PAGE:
Brix lettered three years, from 1925-27, and, as Washington’s left tackle, blocked for the first two consensus All-America selections in UW history, running backs George Wilson (1923-25) and Chuck Carroll (1926-28). Although an All-Coast selection, Brix made his biggest mark in track and field as a shot putter under head coach Hec Edmundson.
“All I knew about shot putting when I started out was that my brother (Egbert) could do 44 feet and I decided I wanted to beat him,” Brix told The Washington Post in 1997. “So I got a shot and went to work and made up my mind to do 45 feet.”
Brix did a whole lot better than that. He captured the NCAA title in 1927 with a throw of 46-7 3/8 and earned a spot on the 1928 Olympic team by winning the U.S. trials at 51-2.
On his first attempt in the Amsterdam Games, Brix threw a world and Olympic record 51-8, a mark that lasted all of 41 minutes, until American teammate John Kruk threw 52-0¾. The 22-year-old Brix, whose 51-8 stood as the Washington record until March 7, 1956, when Larry Pulford broke it, settled for the silver medal.
From 1928-31, Brix won four consecutive AAU outdoor shot titles and the 1930 and 1932 AAU indoor crowns. On Aug. 23, 1930, Brix was part of one of the great days in Washington track and field history.
At the AAU Championships in Pittsburgh, Steve Anderson equaled the world record in the 120 hurdles (14.4), Paul Jessup shattered the world mark in the discus (169-8¼), Eddie Genung set an American record in the 880 (1:53.4), and Brix set an American record in his event (52-5¼).
In 1932, Brix tossed a career-best 52-8¾ for his second world record, but the shoulder separation he suffered while filming Touchdown caught up with him. He missed out on a chance to compete for a gold medal at the Olympic Games in Los Angeles (a throw of 52-8¾ would have won the gold in LA).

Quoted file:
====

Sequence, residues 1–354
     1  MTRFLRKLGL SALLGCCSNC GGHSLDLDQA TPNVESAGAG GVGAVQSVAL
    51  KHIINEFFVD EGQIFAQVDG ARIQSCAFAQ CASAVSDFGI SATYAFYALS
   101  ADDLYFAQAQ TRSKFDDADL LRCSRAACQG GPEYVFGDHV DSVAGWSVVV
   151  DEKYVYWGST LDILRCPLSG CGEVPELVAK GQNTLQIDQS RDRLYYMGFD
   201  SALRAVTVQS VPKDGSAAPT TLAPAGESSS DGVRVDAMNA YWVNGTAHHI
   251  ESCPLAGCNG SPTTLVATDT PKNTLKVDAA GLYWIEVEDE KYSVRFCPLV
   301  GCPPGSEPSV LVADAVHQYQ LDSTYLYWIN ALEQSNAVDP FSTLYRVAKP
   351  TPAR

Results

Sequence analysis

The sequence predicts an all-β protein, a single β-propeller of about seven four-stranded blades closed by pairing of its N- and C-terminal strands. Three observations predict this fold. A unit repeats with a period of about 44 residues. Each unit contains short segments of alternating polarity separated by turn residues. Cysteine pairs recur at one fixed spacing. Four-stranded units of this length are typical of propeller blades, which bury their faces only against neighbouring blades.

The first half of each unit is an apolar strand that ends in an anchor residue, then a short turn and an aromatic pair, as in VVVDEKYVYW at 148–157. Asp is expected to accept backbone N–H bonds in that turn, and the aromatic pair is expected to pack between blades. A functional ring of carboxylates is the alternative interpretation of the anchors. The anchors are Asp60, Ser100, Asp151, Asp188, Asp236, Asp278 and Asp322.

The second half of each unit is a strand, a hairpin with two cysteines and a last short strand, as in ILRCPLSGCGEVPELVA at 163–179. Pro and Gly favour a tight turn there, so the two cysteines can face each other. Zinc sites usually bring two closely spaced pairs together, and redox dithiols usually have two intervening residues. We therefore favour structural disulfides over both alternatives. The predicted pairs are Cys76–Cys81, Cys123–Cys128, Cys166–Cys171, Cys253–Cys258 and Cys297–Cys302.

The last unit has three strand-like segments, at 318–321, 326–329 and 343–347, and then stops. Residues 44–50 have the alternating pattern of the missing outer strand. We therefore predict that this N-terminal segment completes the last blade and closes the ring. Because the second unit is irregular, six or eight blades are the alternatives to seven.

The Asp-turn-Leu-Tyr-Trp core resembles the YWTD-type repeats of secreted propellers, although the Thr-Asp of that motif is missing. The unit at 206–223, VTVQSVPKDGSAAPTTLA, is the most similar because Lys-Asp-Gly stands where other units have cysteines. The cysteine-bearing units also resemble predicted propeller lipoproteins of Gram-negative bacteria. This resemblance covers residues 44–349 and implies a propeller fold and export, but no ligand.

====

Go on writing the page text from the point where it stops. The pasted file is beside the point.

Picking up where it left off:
By that time, Brix had moved from Seattle to compete for the Los Angeles Track Club. To support himself, took on a variety of odd jobs, including logger, insurance salesman and occasional Hollywood stunt man. Then, at a youth sports camp, Brix met Douglas Fairbanks Sr., the swashbuckling star of such silent classics as The Mark of Zorro (1920), Robin Hood (1922) and The Thief of Baghdad (1924).
The two became friends and, after Fairbanks persuaded Brix to give acting a try, arranged for Brix to take a screen test at Paramount. The studio liked what it saw and Brix started to receive roles immediately, appearing in 10 films between 1931-34, including Million Dollar Legs (1932 with W.C. Fields), Riptide (1934, Norma Shearer) and Treasure Island (1934, Lionel Barrymore, Jackie Cooper) before Burroughs endorsed Dearholt’s choice of Brix for the lead role in The New Adventures of Tarzan.
The picture took four months to complete and was the first Tarzan movie filmed in an actual jungle. In the course of the action, Brix fought off a lion, a jaguar and alligators. Brix performed most of the stunts, twice suffering injuries after falling from his swinging vine. During filming, a sharpshooter kept an eye peeled for poisonous snakes and guarded Brix from crocs. Those weren’t the only hazards.